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Just four weeks ago I made my way home from Bournemouth with the Clarets in the top half of the table with 24 points from 18 games and a nine point advantage over Aston Villa who sat in 18th place in the table.

There seemed little to be too concerned about, even though six of the previous ten games had ended in defeat. The win at Bournemouth, which followed the victory against Newcastle, had ensured a half way points total better than any previous Premier League season other than 2017/18 when we were well on our way to getting into Europe.

We knew we had some tough games coming up and probably it was no surprise that we were beaten by Manchester United and Chelsea, but the losses against Everton, when we were so close to a draw, and, in particular, against Aston Villa, when we turned in a horrible first half performance at home, have seriously knocked us back.

It’s brought with it so much negativity to the point where it has got ridiculous and if we could only have got a win against Villa then things would be looking ok for us right now. But we lost it and there is no doubt the sooner we get out of this run, the better, although things don’t get much easier in the immediate future with some tough games.

After tomorrow, we travel to Manchester United, currently fifth in the table, and then, after the FA Cup, we welcome Arsenal to Turf Moor and we know what usually happens then. Prior to that, it is Leicester tomorrow and this game looks a much tougher assignment than it probably did when we surveyed the fixtures last June.

They are having an exceptional season but we showed down there we are more than capable of matching them and we all know we’d have brought a point home from the King Power but for an astonishing VAR decision from Andy Madley that ruled out a second Chris Wood goal.

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That game is long in the past now and what we need is to start picking up points again. Goalkeeper Nick Pope said this week: “We’ve had a few defeats in a row and it’s a case of getting back on the training field and working hard to put that right. Working hard is the biggest thing.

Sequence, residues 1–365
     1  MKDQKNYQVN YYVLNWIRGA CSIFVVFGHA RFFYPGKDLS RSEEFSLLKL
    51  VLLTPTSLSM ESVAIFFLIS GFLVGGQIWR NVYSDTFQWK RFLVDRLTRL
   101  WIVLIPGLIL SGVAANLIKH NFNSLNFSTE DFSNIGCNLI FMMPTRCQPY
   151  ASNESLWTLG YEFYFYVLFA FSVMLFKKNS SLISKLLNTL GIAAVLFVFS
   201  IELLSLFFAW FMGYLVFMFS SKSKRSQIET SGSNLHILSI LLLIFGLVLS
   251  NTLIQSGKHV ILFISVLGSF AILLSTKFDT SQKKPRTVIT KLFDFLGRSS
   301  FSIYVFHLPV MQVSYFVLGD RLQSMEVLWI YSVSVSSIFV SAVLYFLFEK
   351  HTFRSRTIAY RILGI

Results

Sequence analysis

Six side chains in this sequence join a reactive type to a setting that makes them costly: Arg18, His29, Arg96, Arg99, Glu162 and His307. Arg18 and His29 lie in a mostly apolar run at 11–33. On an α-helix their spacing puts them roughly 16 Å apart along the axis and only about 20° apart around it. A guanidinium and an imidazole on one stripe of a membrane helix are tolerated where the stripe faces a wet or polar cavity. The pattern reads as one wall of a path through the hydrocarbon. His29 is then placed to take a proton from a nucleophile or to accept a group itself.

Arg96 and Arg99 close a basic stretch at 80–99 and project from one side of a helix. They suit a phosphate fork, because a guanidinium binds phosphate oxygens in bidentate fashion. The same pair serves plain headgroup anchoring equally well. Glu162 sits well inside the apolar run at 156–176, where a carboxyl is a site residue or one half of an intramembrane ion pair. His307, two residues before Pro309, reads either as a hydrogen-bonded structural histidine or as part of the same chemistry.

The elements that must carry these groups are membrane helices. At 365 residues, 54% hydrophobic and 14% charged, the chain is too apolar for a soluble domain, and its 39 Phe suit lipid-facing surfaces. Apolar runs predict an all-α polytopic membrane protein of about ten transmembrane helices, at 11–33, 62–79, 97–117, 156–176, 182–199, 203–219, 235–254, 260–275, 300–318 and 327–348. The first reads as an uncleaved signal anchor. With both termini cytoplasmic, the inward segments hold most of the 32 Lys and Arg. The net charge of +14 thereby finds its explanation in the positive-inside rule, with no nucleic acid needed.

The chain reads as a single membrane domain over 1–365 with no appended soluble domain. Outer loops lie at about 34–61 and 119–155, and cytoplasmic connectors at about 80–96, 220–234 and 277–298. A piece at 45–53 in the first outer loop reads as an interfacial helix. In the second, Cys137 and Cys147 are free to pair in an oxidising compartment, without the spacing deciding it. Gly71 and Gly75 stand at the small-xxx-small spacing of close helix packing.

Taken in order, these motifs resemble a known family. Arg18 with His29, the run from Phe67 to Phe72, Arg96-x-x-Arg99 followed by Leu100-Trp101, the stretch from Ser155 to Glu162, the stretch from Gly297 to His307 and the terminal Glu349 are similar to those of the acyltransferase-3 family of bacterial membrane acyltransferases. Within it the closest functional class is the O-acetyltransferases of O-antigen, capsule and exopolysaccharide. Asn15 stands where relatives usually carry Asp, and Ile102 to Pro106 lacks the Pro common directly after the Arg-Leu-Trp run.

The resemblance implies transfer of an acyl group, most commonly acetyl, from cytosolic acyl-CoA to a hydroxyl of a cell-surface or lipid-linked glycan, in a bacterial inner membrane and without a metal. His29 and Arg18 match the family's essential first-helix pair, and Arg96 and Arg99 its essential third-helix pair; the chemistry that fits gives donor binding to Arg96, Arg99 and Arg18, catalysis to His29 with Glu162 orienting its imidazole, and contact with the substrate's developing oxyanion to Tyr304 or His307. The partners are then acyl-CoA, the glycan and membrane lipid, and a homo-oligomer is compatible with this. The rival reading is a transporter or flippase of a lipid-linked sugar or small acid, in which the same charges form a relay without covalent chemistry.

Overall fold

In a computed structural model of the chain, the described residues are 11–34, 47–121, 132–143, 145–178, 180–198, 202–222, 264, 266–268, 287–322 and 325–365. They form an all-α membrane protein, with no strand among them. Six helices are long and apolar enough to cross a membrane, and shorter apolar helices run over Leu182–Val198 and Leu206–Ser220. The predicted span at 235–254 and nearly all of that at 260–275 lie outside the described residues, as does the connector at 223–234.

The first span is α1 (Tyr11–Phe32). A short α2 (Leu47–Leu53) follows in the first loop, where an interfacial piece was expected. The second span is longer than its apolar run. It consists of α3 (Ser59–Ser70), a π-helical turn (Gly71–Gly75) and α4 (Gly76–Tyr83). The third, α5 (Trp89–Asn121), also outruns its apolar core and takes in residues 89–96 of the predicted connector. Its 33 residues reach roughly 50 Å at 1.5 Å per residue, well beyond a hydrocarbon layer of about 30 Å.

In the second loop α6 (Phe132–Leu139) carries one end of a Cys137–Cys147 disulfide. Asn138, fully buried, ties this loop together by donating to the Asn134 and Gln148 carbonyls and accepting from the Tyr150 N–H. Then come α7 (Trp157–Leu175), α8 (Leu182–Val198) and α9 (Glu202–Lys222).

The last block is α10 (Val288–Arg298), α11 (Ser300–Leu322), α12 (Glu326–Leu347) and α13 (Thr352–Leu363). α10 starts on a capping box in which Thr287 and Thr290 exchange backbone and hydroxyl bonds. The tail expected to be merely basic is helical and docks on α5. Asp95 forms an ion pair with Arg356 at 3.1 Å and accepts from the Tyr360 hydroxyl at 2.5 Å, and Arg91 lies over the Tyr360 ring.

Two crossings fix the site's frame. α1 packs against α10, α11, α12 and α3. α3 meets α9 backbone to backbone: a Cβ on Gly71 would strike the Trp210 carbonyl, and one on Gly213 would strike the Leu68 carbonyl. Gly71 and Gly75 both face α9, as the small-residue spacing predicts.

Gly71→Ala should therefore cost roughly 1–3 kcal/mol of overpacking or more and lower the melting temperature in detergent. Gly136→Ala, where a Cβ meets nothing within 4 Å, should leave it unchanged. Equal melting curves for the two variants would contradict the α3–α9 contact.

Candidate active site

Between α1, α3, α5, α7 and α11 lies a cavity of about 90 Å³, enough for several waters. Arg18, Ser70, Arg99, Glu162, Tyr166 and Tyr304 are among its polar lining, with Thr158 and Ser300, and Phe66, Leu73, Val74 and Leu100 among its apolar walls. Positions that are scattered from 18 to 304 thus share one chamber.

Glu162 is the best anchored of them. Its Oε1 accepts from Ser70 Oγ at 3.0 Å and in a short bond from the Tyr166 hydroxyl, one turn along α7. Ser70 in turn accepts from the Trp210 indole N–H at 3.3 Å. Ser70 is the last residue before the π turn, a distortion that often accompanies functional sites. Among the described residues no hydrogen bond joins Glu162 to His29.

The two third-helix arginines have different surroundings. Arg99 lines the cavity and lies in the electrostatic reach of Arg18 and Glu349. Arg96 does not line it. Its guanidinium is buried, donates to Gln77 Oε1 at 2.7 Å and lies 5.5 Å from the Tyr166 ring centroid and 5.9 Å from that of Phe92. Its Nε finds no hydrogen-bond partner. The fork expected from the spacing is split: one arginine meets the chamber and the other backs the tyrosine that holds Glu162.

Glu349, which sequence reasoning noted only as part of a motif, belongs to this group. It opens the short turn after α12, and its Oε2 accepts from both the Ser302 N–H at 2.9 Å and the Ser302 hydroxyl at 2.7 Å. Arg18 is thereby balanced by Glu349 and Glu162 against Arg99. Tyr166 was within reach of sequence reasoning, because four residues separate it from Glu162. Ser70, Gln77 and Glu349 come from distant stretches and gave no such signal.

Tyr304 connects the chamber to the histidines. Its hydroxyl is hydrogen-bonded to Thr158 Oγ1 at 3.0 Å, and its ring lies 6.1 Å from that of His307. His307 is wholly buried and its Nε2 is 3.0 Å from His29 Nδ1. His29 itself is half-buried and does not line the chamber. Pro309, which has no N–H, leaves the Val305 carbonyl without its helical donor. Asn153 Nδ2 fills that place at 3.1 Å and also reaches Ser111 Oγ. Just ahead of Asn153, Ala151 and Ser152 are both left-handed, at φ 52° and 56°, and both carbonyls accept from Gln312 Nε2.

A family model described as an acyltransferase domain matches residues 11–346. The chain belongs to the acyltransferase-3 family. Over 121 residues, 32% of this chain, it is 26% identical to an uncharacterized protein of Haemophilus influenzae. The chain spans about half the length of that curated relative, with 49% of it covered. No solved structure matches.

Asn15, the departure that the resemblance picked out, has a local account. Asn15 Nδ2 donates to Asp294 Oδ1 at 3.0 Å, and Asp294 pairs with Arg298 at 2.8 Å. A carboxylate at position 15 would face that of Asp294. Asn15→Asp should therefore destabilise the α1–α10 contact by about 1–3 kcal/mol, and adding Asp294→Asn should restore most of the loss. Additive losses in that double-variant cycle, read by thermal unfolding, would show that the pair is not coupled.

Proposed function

“Everything is rosy when you are winning, but when you lose a few, that’s when you have to dig deep within and find your character. We’ve got plenty of that in abundance and hopefully the next win is just around the corner.”

He added: “We know we are not going to blow teams away often in this league. It’s about nicking results along the way, on a consistent basis, but the big things for us this weekend are starting the game well and getting the performance levels back.”

Pope is very much back as first choice now after not making a Premier League appearance last season having suffered a shoulder injury at Aberdeen but he’s stepped ahead of Joe Hart and with Tom Heaton leaving for Aston Villa he has become first choice and played every league game to date.

The only other players to start every game are central defenders James Tarkowski and Ben Mee, along with Dwight McNeil, and there is no reason to expect any of those four not to be in tomorrow’s line up.

We do, at least, have more players to choose from this week. Ashley Barnes, as we expected, will be out for the immediate future having had hernia surgery and although back on the grass we will still be without Jόhann Berg Guðmundsson who is on his way back from the hamstring injury suffered in the Peterborough cup tie.

Phil Bardsley was on the bench last week as he tried to shake off illness. He’s fit as are both Robbie Brady and Jay Rodriguez who were both similarly suffering. Brady, I expect, will be back on the bench but Bardsley and Rodriguez will, I think, return with Matt Lowton and Aaron Lennon missing out.

I think the team could be: Nick Pope, Phil Bardsley, James Tarkowski, Ben Mee, Charlie Taylor, Jeff Hendrick, Ashley Westwood, Jack Cork, Dwight McNeil, Jay Rodriguez, Chris Wood. Subs from: Joe Hart, Matt Lowton, Kevin Long, Ben Gibson, Erik Pieters, Aaron Lennon, Robbie Brady, Matěj Vydra.

Leicester were in 11th place in the table in February last year when they dispensed with the services of Claude Puel and replaced him with Brendan Rodgers. By the end of the season they’d climbed two places and finished on 52 points.

Under the new manager they had picked up 17 points from 10 games and they’ve added to that this season with 45 points from 22 games which sees them currently in third place with a win against us tomorrow taking them level with Manchester City.